I also wanted to drink wines from the Rugiens vineyard at this dinner, and there are several producers who make good examples - Domaine de Courcel, Domaine de Montille, Aleth Girardin, Joseph Voillot, François Gaunoux, and Michel Gaunoux all come to mind. I chose two bottles from the late 1990's by de Montille. I've read that Rugiens is the richest, the most muscular of the Pommard wines, and that Clos des Epeneaux would be more mineral driven and elegant (although one experienced drinker at our dinner raised an eyebrow suspiciously when I mentioned this, saying that he would hardly call Clos des Epeneaux a wine of elegance, that is is still brawny Pommard).
We rounded out our lineup by including bottles by two other producers whose wines I wanted to drink, as I read that they are made in a style that I would appreciate - Clos des Epenots by Domaine de Courcel and 1er Cru Pezerolles by Domaine Billard-Gonnet.
First, the good news: we had a great night and I love Burgundy Wine Club. Such a great group of people, a pleasure to be with them and to look forward to this experience each year. We had a wonderful long dinner at the very lovely Rosewater in Brooklyn, where owner John Tucker serves thoughtfully sourced and prepared food, and has a very well selected wine list.
Now, the bad news: the theme of this dinner was Pommard, and everyone agreed that the wine of the night was the 1989 François Jobard Meursault 1er Cru Charmes. The reds were absolutely underwhelming as a group - I was very much uninspired. That said, the one that perhaps on paper should have been the best, was corked. Another that should have been great was probably flawed. Still, this dinner was not a great advertisement for Pommard. Some notes and thoughts (I'll share the prices I paid when I bought the wines last year - none were purchased upon release):
1989 François Jobard Meursault 1er Cru Charmes, $100. We drank this with a salad of grilled calamari with frisée, clementine, and bacon. The wine of the night without any question whatsoever. A fabulous showing for a wine that is drinking perfectly right now. Pungent and fresh at the peak of maturity. The nose at first has a roasted sense to the pear fruit, but the roastiness vanishes after a half hour and the wine becomes linear and focused with a perfect melange of fruit and mineral. Elegant, plush while remaining entirely in control, and great acidity - just a mouthwatering wine that reminded everyone at the table to drink more old white Burgundy.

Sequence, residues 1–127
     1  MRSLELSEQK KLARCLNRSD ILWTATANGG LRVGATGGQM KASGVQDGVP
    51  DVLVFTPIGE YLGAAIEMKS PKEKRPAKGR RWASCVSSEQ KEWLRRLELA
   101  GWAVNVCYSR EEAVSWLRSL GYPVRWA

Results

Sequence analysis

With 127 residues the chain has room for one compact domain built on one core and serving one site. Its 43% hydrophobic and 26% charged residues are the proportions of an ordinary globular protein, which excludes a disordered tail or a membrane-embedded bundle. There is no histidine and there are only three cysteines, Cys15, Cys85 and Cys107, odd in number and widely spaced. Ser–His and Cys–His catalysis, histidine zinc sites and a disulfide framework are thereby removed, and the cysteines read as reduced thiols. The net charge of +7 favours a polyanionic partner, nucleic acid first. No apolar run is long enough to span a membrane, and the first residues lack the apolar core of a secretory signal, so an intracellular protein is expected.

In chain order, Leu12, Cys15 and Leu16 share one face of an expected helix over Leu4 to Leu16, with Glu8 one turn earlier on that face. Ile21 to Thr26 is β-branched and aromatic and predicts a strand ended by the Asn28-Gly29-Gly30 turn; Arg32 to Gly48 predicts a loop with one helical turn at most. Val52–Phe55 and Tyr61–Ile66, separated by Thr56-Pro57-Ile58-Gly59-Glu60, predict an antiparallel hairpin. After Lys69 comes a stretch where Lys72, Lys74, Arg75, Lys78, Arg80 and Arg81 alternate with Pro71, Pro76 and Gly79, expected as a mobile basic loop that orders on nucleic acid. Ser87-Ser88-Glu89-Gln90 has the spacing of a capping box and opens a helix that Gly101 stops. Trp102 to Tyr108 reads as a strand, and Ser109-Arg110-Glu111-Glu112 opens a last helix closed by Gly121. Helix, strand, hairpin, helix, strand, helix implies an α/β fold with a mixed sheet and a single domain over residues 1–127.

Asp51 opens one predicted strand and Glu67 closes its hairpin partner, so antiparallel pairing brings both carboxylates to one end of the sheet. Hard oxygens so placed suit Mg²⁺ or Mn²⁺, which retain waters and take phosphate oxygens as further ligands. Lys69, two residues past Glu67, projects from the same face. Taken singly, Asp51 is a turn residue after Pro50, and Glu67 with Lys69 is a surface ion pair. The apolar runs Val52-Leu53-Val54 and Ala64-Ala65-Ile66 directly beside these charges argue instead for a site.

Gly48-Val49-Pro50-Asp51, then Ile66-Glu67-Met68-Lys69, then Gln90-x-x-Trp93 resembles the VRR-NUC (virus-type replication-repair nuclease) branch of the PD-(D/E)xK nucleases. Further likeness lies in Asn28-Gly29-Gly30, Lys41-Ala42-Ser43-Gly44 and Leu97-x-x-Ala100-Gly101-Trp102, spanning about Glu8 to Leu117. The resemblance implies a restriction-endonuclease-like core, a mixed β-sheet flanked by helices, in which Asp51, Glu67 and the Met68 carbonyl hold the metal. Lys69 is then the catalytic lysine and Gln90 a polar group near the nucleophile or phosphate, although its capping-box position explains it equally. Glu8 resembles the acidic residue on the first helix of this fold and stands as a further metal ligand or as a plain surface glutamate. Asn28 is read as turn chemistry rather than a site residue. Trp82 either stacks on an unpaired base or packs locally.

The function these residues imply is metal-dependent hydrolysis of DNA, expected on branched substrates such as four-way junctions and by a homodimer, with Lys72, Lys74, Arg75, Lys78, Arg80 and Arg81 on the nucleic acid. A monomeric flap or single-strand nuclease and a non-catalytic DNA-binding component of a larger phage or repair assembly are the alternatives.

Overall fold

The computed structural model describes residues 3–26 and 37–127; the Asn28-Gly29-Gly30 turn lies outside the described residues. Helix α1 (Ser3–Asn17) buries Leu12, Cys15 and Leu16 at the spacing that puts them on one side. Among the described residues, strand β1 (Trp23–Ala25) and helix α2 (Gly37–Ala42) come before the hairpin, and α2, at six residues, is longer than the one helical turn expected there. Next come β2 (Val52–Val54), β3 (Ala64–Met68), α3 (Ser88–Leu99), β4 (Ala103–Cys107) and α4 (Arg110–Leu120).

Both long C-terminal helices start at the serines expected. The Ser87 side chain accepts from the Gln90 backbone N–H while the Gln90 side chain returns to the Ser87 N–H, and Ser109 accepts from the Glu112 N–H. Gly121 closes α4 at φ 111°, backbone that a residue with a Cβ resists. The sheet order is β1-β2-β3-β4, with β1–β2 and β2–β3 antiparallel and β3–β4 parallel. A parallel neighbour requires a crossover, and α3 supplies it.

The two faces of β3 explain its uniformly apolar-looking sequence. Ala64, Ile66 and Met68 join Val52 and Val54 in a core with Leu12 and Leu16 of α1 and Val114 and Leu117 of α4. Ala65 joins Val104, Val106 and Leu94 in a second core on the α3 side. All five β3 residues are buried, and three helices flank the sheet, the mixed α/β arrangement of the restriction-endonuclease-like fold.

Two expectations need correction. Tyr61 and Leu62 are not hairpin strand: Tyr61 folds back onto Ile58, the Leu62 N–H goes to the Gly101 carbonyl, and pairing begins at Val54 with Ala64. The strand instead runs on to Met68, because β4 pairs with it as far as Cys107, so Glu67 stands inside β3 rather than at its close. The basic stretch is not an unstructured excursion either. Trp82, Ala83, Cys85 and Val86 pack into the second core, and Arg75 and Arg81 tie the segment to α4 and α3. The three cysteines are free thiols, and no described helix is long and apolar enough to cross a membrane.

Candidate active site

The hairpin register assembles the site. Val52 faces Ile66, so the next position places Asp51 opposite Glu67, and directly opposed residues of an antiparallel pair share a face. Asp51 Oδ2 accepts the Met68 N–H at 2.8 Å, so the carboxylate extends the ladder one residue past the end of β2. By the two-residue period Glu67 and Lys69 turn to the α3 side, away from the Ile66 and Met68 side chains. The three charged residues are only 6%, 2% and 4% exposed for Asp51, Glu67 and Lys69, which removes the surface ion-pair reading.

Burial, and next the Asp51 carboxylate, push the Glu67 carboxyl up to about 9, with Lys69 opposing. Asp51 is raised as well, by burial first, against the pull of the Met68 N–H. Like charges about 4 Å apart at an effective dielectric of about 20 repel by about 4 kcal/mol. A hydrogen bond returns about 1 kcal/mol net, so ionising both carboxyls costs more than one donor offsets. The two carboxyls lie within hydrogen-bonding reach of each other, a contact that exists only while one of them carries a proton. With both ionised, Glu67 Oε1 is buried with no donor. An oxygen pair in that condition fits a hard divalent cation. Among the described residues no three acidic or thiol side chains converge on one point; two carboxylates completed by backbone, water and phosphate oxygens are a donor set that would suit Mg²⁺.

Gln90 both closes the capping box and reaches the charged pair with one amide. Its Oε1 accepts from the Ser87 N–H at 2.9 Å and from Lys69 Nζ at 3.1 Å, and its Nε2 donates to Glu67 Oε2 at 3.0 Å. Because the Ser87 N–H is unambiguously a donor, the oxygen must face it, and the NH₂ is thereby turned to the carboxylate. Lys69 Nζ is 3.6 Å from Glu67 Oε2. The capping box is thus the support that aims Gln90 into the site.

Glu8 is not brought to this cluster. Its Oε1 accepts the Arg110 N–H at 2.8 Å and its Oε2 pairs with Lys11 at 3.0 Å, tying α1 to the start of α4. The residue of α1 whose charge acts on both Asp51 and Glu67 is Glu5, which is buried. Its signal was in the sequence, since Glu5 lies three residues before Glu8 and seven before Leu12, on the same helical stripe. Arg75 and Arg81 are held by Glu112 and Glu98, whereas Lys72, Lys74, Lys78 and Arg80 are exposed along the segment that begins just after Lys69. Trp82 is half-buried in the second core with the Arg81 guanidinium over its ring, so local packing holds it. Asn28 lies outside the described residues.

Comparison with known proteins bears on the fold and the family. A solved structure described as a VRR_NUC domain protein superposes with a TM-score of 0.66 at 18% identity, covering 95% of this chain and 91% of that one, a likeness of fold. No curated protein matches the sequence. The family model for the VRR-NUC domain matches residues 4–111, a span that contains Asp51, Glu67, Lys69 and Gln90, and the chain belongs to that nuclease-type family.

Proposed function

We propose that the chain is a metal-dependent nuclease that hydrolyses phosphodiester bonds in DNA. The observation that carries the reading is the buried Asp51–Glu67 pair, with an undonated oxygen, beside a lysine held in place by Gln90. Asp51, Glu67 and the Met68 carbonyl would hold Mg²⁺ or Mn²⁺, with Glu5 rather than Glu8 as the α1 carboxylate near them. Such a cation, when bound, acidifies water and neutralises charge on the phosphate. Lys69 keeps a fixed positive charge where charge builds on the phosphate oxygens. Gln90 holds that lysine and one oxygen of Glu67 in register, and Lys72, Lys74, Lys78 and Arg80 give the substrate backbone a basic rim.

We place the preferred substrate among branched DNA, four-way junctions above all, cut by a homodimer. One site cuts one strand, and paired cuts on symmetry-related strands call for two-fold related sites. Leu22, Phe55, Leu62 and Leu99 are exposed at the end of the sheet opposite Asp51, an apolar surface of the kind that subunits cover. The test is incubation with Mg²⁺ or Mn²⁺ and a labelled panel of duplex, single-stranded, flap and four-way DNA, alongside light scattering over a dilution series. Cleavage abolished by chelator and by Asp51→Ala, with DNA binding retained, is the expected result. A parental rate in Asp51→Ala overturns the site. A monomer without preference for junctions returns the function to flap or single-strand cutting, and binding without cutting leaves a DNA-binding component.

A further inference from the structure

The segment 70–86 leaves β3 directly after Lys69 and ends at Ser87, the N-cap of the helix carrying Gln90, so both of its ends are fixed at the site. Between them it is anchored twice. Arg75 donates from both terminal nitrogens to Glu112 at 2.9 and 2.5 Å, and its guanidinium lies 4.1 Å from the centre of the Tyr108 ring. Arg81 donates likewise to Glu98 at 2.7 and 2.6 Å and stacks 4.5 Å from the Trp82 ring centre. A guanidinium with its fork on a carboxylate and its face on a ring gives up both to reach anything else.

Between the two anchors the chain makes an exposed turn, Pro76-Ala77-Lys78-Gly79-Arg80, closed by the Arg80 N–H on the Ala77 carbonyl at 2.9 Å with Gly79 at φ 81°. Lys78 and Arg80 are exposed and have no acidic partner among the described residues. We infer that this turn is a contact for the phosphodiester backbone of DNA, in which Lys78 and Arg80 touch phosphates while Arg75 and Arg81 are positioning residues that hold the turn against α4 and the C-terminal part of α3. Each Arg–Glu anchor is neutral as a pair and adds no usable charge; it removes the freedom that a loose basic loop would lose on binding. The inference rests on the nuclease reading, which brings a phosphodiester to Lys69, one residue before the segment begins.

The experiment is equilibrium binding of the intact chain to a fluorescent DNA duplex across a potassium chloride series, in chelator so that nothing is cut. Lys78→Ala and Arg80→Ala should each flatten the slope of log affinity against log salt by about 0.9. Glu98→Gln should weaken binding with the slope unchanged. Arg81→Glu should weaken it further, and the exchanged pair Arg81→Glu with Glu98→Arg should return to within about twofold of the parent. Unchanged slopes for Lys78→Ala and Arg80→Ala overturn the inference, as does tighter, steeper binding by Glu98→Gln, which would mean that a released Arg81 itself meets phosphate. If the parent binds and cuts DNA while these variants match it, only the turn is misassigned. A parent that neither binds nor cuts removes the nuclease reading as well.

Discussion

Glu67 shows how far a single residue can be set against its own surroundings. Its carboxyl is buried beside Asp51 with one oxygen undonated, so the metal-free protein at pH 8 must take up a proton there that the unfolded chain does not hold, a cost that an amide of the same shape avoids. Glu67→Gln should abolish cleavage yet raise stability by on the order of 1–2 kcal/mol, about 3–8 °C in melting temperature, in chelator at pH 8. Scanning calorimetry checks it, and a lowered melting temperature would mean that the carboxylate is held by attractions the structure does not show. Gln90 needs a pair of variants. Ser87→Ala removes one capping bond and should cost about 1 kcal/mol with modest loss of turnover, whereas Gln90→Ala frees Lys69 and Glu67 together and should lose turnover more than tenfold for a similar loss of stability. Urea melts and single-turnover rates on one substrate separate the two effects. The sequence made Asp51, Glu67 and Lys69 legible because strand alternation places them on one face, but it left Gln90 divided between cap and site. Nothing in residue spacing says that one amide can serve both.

With sautéed wild mushrooms and a fried quail egg on toast we drank 1996 Domaine de Courcel Pommard Grand Clos des Epenots, $54 and 1999 Domaine Billard-Gonnet Pommard 1er Cru Les Pezerolles, $48. The Courcel was very tight still, constricted, the acidity almost too much, but still pretty, with dark fruit and floral aromas. In the mouth the stony mineral streak prominent. The wine is very good, but probably needs another five years or so to unwind. The Billard-Gonnet wine was just not good. Rich and ripe to the point of being syrupy, maple on the nose. The acidity is raspy, the wine is rustic and just doesn't seem very well made. Not harmonious, not complex, straight forward fruit that is borders on syrup. Not a good advertizement for this producer...
With grilled pork belly, apple, and pickled cabbage we drank a magnum of 1993 Comte Armand Pommard Clos des Epeneaux, $325. Oh, how I wanted this wine to be great. I knew that it would probably need a couple hours to open up, and we opened it at least 90 minutes before we began to drink it. It was dense and impenetrable for most of four hours, and never really opened up. There are hints of something lovely, but the wine is simply not ready, in the magnum format anyway. Some perfume emerges after while, but the wine is tight, inward. Time brings some animale undertones, but this bottle was in a disjointed state, with acid and alcohol not well integrated. There were questions from some drinkers about whether or not the wine was too cloudy. Some one poured a glass through a filter and the wine brightened some, but to me the smell and taste was unchanged. If I had another magnum I would leave it alone, honestly for another 10 years.